EV remixes: Tesla Model 3 as post-apocalyptic off-roader, Kia Soul EV as sand-crawling surf wagon

Off-road “safari” builds are all the rage for internal-combustion cars, and now the trend seems to be spreading to EVs as well, with two very different post-apocalyptic EV remixes appearing this week.

The first is the Kia Soul EV Boardmasters Edition, built to promote the Kia-sponsored Boardmasters 2021 surfing and music festival in Cornwall, England. It’s a pre-production vehicle that was originally destined for the scrap heap, but was instead repurposed as a surf wagon, according to a Kia press release.

Modifications include a 3-inch suspension lift and wider front and rear tracks, accommodating larger, chunkier, tires. Those changes are likely to affect range, as the Soul EV retained its stock 64-kwh battery pack and 201-horsepower electric motor, Kia noted—and, we assume, the same front-wheel drive. The donor car is a second-generation Soul EV, which was originally slated for the United States, but Kia ultimately decided not to sell it here.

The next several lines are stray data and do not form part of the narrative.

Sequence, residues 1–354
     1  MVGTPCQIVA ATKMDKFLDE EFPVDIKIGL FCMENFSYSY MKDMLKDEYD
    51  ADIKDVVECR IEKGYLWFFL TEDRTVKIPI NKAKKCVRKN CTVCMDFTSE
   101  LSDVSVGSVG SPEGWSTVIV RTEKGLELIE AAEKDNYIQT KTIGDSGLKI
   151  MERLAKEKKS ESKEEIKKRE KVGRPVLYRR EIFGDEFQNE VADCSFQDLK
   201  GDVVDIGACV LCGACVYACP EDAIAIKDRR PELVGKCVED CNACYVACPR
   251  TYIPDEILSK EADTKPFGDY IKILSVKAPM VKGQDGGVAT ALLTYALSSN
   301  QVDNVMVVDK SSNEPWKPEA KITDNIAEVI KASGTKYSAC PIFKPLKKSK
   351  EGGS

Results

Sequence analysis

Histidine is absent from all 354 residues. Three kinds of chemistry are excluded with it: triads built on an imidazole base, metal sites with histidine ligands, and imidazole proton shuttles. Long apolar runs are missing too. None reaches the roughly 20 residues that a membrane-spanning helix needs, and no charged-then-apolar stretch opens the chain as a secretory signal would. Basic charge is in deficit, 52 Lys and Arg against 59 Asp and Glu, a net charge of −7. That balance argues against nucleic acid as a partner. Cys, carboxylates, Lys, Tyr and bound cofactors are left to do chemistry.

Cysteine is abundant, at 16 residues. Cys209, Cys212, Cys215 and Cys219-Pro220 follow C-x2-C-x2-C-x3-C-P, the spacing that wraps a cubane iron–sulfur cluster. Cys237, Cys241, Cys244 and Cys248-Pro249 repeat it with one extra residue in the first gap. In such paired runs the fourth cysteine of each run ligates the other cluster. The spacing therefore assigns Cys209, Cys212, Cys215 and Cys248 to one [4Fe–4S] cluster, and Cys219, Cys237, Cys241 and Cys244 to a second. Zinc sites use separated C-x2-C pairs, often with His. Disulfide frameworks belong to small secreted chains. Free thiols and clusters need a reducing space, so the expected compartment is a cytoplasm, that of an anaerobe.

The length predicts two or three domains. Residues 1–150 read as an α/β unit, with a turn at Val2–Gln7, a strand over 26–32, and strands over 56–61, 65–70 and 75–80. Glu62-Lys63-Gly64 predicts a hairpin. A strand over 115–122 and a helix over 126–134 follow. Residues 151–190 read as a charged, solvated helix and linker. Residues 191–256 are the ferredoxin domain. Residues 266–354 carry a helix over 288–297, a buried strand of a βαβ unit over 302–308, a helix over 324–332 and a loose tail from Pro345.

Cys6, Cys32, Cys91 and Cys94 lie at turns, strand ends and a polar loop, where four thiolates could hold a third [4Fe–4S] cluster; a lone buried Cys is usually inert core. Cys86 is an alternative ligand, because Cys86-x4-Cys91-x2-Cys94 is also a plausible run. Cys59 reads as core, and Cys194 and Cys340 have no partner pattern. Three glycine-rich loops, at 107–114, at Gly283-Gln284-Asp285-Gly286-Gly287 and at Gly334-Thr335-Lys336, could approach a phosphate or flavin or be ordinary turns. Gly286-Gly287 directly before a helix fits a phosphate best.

The Soul EV’s rear seats were also removed to create more cargo space, while the cargo area was covered in a wooden deck, made from sustainably-harvested spruce. Naturally, the surf-themed Soul EV also gets a roof rack capable of holding a couple of surfboards.

 

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Typical of modified vehicles commissioned as automaker public-relations exercises, the Soul EV Boardmasters Edition still retains much of the look of its stock counterpart. That’s not the case with the off-road Tesla Model 3 from YouTube channel “Rich Rebuilds.”

Rich Benoit has used the Tesla-centric channel as the springboard for a variety of car projects, and also helped out with the 2019 “Truckla” Model 3 pickup. This time, he jacked up a Model 3 and replaced the smooth front fascia with a macho-looking brush bar.

While many automakers have embraced aftermarket modifications, Tesla has bristled at merely letting independent shops do routine repairs and maintenance. Right-to-repair rules in the U.S. proposed by the Biden Administration could potentially help not just Tesla repair, but also projects like this off-roader.

And it helps underscore that despite a reputation for minor finish issues, the Model 3—and modern EVs in general—are very tough.